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S.C. Democrats Target ALEC, Statehouse Members

Legislators call for others to abandon controversial group, and some are doing so.

S.C. legislators are calling for their co-workers in the state's General Assembly to distance themselves from the American Legislative Exchange Council as national pressure increases on the little-known policy organization. 

The detractors include state Rep. Ted Vick, a Chesterfield Democrat and 7th Congressional District candidate who resigned his membership from ALEC on Tuesday, calling it "part of the problem."

The conservative organization has pushed legislation in statehouses across the country, including the controversial "Stand Your Ground" law that was used as an initial defense in the Florida shooting death of Trayvon Martin.

Through hundreds of legislative members across the county, ALEC has promoted conservative bills like the "Stand Your Ground" laws. Last week, the group bowed to public criticsim and the defection of corporate finances, saying it would stop working on gun laws, as well as other controversial legislation.

In a statement, Vick said he joined ALEC in 2004, but that the group had drifited from its nonpartisan goal of limited, but effective government.

"ALEC has become too partisan and too extreme," he said. "I believe we need more bipartisanship, statesmanship, and less divisive political rhetoric."

On Monday, Rep. Boyd Brown (D-Fairfield) called for his fellow legislators in both parties to abandon their association with ALEC. In a letter, Brown cited ALEC's corporate funding and its influence in crafting legislation.

"Your support for this organization is harmful to your constituents and folks all across the United States," Brown wrote. "And I urge you to withdraw your membership today."

ALEC has been losing more than just members and clout in the past few weeks. Corporate sponsors that have financed the organization are also heading for the door, including McDonald’s, Wendy’s, Mars, Kraft Foods, Coca-Cola, PepsiCo and Procter & Gamble.

Also making news in Columbia today:

stanley seigler April 27, 2012 at 02:19 PM
@Jane Smith: "...Over 300+ ALEC "model" laws shoved down our throat...company called Diebold (large contributor to the Republican party) has been exposed in California. The Voting machines made by Diebold and the software (which NO ONE is allowed to scrutinize) has been fined for failures in the machines security." diff in MI and SC is, MI felt ALEX laws were shoved down their throats...SC legs/citizens bought ALEX/koch bro laws hook, line and sinker... useless voterID laws (written by ALEX/koch b) do nothing to correct real fraud and technical issues...eg, diebold.
stanley seigler May 08, 2012 at 05:38 PM
FYI "ALEC Gets a Break From State Lobbying Laws...The American Legislative Exchange Council [ALEX] says it's not a lobbying group. Then why have three states [SC, IN, CO] specifically exempted it from their rules for lobbyists? http://www.motherjones.com/politics/2012/05/alec-lobbyist-exemption How ALEC Ghostwrites the Law...eg, voterID law [CLIP] "These exemptions are just now coming to light. In South Carolina, Democratic Rep. Boyd Brown recently discovered a 2003 state law that exempts ALEC from registering or disclosing its lobbying expenditures. One of the South Carolina bill's sponsors was ALEC member Rep. James Harrison, a Republican from Richland County." james harrison and who else...WHO ARE THE OTHER SPONSERs...and which SC legs are members of ALEX...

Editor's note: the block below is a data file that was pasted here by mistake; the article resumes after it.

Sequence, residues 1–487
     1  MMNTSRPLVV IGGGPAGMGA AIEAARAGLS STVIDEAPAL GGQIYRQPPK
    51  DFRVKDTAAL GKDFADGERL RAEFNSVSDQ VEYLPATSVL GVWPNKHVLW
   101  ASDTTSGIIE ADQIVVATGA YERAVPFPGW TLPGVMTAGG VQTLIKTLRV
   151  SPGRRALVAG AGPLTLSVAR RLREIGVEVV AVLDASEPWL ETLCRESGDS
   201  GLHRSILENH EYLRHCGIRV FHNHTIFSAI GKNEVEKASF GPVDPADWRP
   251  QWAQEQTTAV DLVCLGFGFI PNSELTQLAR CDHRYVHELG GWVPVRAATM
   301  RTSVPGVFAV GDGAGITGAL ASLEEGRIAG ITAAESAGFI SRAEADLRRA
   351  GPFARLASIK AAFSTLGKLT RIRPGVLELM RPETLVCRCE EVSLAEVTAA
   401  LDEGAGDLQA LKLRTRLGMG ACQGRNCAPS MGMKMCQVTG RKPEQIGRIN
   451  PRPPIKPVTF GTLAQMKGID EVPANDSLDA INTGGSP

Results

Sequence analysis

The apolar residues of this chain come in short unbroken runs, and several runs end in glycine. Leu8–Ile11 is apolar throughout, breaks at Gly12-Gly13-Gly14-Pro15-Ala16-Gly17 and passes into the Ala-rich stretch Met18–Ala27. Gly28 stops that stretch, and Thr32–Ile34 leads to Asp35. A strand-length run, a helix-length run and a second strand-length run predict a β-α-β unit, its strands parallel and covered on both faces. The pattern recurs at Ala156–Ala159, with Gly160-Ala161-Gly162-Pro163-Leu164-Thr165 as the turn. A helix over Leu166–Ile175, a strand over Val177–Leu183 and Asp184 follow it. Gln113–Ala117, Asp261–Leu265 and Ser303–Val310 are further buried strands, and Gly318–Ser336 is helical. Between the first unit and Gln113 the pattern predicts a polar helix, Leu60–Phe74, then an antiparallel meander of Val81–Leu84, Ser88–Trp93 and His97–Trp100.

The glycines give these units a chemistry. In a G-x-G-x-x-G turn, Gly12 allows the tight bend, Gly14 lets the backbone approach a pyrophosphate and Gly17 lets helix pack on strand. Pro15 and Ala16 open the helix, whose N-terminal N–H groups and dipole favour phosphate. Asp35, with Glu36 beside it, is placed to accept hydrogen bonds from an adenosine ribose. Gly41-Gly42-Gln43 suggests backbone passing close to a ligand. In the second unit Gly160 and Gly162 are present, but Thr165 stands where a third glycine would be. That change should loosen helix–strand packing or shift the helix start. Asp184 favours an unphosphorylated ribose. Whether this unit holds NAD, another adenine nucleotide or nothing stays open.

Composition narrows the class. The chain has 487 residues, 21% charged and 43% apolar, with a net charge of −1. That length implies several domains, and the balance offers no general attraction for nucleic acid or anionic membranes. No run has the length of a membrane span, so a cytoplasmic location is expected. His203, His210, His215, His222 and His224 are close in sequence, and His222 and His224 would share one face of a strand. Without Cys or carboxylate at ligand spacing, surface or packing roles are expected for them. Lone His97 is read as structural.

stanley seigler May 09, 2012 at 01:37 AM
Lawmakers Exempted ALEC in S.C. Lobbying Law http://www.free-times.com/index.php?cat=1992209084141467&act=post&pid=11862604123541405 [CLIPS] at a legislative workshop for the media, Orangeburg Democratic Rep. Gilda Cobb-Hunter raised concerns about her colleagues cowing to the whims of ALEC and warned of its deep influence at the State House...Republican and Democratic legislative leaders in South Carolina are “very involved” in ALEC, Cobb-Hunter said. Funded largely by the libertarian Koch brothers, ALEC creates model legislation for state legislatures to adopt, such as Voter ID laws and other controversial bills like the Stand Your Ground self-defense law. It deals with everything from health care to immigration to energy policy. ALEC bills are drawn up on behalf of corporate interests and introduced in states where lawmakers are members. The group holds conferences and treats its lawmaker members to vacations. It has 2,000 legislative members and 300 corporate members, according to a report on the group in The Nation. It is such retreats where ALEC is exempt in the state’s lobbying laws. While other special interest groups would have to extend convention invitations to a discernable group from the Legislative Manual for lawmakers to accept them, ALEC does not -- the group is specifcally exempted by name. “If you’re there (at an ALEC conference) then you don’t have adhere to the group invitation rule,” says State Ethics Commission general counsel.
Donald Bailey May 24, 2012 at 10:38 PM
Gore lost but got rich telling a lie about the climate!
stanley seigler May 31, 2012 at 05:48 PM
UPDATE Walmart said late Wednesday it is suspending membership in the American Legislative Council (ALEC), which the retailer joined in 1993. FYI [REPEAT] "ALEC Gets a Break From State Lobbying Laws...The American Legislative Exchange Council [ALEX] says it's not a lobbying group. Then why have three states [SC, IN, CO] specifically exempted it from their rules for lobbyists? http://www.motherjones.com/politics/2012/05/alec-lobbyist-exemption BTW, ALEC Ghostwrote the voterID law...and; as mentioned and asked previously...who are the SC legs that are ALEX members who provided ALEX a break from lobbying laws...perhaps legs should follow walmart's example...

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